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SPRINT QUEEN: Jamaica's Elaine Thompson-Herah, right, races to victory in semi-final heat two of the women's 100 metres at the Alexander Stadium, during the Commonwealth Games in Birmingham, England, yesterday. At left is Trinidad and Tobago's Michelle-Lee Ahye, who finished third but failed to advance to the final, which was won by Thompson-Herah, clocking 10.95 seconds. - Photo: AP


Ahye dethroned as 100m women's champion

Go Back : Express : Ian Prescott : 03.08.2022

Trinidad and Tobago swimmer Dylan Carter had another close miss at making the podium after finishing fourth in the Men's 50-metre freestyle yesterday at the 2022 Commonwealth Games in Birmingham, England.

But while Carter and judoka Gabriella Wood both missed chances at winning bronze medals, it was a mostly disastrous day for T&T's athletes, with only quarter-miler Asa Guevara having some success by advancing to the semi-finals in the Men's 400-metre event.

Defending champion Michelle-Lee Ahye failed to even advance to the final of the women's 100m, while male sprinters Kion Benjamin, Eric Harrison Jr and Jerod Elcock also all went out at the semi-finals stage of the men's 100m.

And former joint world champions (1979) in netball, the Calypso Girls continued their worst-ever Commonwealth Games run when beaten 70-30 by Malawi yesterday, having lost previously to England (74-22), Uganda (62-28) and New Zealand (80-24).

Back in the pool, after having improved his time in every round, Carter posted his competition-best 22.10 seconds swim in the 50m free final, but just missed out on a podium place once more, following his fourth-placing in the 50m butterfly. Englishmen Benjamin Proud (21.36) and Edward Burras (21.68) won gold and silver, respectively, before their home fans, while Canadian Joshua Liendo Edwards (22.02) edged Carter for the bronze.

Like Carter, judoka Wood was also in contention to win a bronze medal. Wood, 24, was beaten by New Zealander Sydnee Andrews in the Women's judo heavyweight (+78 kg) quarter-final. The 20-year-old Kiwi was given the decision by "Ippon", the highest possible margin of victory after leading 10-0.

Defeat sent Wood into the repechage brackets where she bounced back with a win over 21-year-old Tracy Durhone of Mauritius, also by Ippon, setting up a chance to still clinch bronze, since in judo, the winners of the repechage brackets face the semi-final losers for the two bronze medals.

Beaten quarter-finalist Wood faced beaten semi-finalist, 22-year-old Australian Abigail Paduch, but was defeated by Ippon - the equivalent of a knockout blow - when pinned on her back by her opponent, resulting in a 10-0 defeat.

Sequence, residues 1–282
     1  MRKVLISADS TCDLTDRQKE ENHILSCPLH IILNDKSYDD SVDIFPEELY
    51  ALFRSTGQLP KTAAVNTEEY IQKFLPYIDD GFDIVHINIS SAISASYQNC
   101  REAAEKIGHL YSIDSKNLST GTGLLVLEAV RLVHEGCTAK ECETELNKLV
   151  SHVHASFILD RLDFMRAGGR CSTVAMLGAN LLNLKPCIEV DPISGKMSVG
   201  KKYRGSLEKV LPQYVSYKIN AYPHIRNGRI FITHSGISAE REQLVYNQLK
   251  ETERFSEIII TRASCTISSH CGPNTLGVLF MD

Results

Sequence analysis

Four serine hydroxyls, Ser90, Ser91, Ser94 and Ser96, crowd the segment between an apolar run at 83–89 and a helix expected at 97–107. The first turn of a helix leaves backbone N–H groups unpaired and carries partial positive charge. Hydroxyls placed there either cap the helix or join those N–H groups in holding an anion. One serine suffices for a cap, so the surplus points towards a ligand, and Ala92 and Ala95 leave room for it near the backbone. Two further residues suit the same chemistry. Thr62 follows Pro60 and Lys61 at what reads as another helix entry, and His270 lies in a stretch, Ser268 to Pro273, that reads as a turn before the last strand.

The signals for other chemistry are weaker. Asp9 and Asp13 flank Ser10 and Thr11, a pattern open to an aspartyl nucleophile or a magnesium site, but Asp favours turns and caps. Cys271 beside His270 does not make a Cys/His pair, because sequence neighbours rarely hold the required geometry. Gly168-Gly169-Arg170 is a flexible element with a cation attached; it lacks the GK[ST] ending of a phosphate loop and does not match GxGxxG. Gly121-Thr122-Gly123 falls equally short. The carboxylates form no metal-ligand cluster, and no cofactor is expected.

Michelle-Lee bows out

Back on the track, sprinter Ahye (11.29) gave a flat performance and was only third yesterday to reigning double Olympic champion Elaine Thompson-Herah (11.05) in the women's 100m semi-final heat two, with New Zealander Zoe Hobbs (11.15) in second spot. Ahye began slowly and closed late to pass Englishwoman Asha Phillip and Australian Naa Ananag, but had no hope of reeling in the first two.

Ahye still had a chance of advancing as one of two fastest losers to the final. That was until a blistering third semi-final, in which Englishwoman Daryll Neita produced a career-best 10.90 performance. And the first four in that heat, including Nigerian Rosemary Chukwuma (11.05), Bahamian Tynia Gaither (11.17) and Jamaican Natalliah Whyte (11.17), all went through to the final, ending Ahye's reign. Thompson-Herah (10.95) replaced Ahye as Commonwealth women's 100m champion, beating St Lucian Julien Alfred (11.01) and the slow-starting Neita (11.07) in the final.

The TTO men's sprinters all finished down the field in their 100m semi-final rounds. _Elcock (10.38) was sixth in the second semi-_final, won by highly-rated Kenyan Ferdinand Omanyala (10.02).

Harrison Jr (10.44) was seventh in heat one to defending champion South African Akani Simbine (10.07), while Kion Benjamin (10.43) was eighth behind Englishman Nethaneel Mitchell-Blake (10.13) in the third semi-final. Omanyala later won the final when beating Simbine and Sri Lankan Yupun Abeykoon in that order.

Guevara (45.98) was third in the Men's 400m heat two and advanced to the semis but two other T&T quarter-milers were not as successful. Che Lara (47.51) finished sixth in heat one and did not move forward and Kashief King (48.08) also did not make it out of the 400m opening round. Likewise, Nicholas Landeau (1:53.69) was last of seven in heat three of the men's 800m preliminary round and did not advance.

Tough day for Spicer, Chung,

Douglas in t-tennis

In table tennis, there were double Women's singles defeats for Catherine Spicer and Rheann Chung. Spicer went down 4-0 in both her games, to Nandeshwaree Jalim and 16-year-old Anna Hursey of Wales, while Chung fared marginally better, losing 4-0 to England's Charlotte Bardsley but putting up a fight when going under 4-3 to Foteini Meletie (Cyprus).

Spicer's opener against Jalim of Mauritius saw her beaten 12-10, 11-3, 11-7 and 11-7 before also losing against Hursey, who was the youngest person to represent Wales at senior level in any sport. Despite her youth, Hursey was too much for 27-year-old Spicer. The Welsh youngster won comprehensively 11-6, 11-1, 11-3 and 11-1.

Chung, 37, was defeated 11-4, 11-9, 11-7 and 11-8 in her opening match by Bardsley, a 20-year-old English junior national champion. Chung had the early ascendancy and won three of the opening four games before losing the final three games against Meletie, a player 20 years her junior.

The match ended 11-3, 9 -11, 11-8, 11-5, 10-12, 10-12, 7-11, with the 17-year-old teenager winning the final three games.

And in Men's table tennis action, Derron Douglas suffered 4-2 singles defeats to both Mohutasin Ahmed Ridoy (Bangladesh) and Guyanese Christopher Franklin, before also going down 4-0 to Fawad Khawaja of _Pakistan.